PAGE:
The user agent string is a line of text that web browsers and other client applications send to web servers to identify themselves. By reading the user agent string, a web server can learn about the client's type, version, and other relevant attributes. This is often utilized to serve the most compatible content for that specific browser or client.

wget, a commonly used command-line utility for downloading content from the web, has its own default user agent string. This can sometimes be problematic. For instance, certain websites block or serve different content based on the user agent. In such cases, changing the user agent of wget can be beneficial, helping you access the desired content.

Thankfully, with a simple command-line flag, you can modify the user agent string used by wget.

Steps to set a custom user agent in Wget:

  1. Open the terminal.
  2. Use the –user-agent flag followed by your desired user agent string to change wget's user agent.
    $ wget --user-agent="Mozilla/5.0 (Windows NT 10.0; Win64; x64) AppleWebKit/537.36 (KHTML, like Gecko) Chrome/91.0.4472.124 Safari/537.36"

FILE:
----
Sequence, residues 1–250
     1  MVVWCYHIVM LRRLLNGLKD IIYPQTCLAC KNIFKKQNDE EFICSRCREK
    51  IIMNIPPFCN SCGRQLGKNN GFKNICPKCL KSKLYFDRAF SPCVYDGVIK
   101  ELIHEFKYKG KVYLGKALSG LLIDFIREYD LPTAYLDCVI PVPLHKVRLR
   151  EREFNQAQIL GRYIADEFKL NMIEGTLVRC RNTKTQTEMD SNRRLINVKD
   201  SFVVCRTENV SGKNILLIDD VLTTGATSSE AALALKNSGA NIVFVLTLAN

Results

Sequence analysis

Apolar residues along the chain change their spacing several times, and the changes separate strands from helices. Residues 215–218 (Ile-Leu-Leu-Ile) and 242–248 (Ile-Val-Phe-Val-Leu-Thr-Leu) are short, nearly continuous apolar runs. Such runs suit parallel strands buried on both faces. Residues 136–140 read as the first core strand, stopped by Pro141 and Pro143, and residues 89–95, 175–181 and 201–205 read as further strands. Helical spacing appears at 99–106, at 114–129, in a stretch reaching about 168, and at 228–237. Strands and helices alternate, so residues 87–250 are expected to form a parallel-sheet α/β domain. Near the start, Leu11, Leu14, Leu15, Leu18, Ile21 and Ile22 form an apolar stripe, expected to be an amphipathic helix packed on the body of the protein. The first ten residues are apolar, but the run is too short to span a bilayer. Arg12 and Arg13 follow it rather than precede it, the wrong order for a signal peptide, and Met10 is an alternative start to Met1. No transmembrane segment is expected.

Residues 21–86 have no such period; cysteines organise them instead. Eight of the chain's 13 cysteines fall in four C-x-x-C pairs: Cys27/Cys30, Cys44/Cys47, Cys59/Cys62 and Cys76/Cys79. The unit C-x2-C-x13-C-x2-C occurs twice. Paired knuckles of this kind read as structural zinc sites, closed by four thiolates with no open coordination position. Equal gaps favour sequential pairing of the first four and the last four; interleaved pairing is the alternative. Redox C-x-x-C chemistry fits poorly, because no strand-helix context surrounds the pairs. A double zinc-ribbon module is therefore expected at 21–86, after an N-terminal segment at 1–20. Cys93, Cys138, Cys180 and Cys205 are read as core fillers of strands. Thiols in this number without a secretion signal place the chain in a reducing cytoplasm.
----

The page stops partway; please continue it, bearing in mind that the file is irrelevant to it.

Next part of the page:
This example sets the user agent to mimic a Chrome browser on Windows 10.

  3. To persistently change the user agent for all future wget sessions, append the user agent string to your wget configuration file.
    echo "user_agent = Mozilla/5.0 (Windows NT 10.0; Win64; x64) AppleWebKit/537.36 (KHTML, like Gecko) Chrome/91.0.4472.124 Safari/537.36" >> ~/.wgetrc

    Be cautious about changing this permanently, especially if you're not the only user of the system.

  4. Test downloading from a site to ensure the new user agent is in effect.
    $ wget
  5. To verify the user agent being sent by wget, you can use online tools that echo back the received user agent string.
    $ wget --user-agent="Custom User Agent String"

    Remember, changing the user agent doesn't change the actual capabilities of wget. It merely alters what wget reports to the server.

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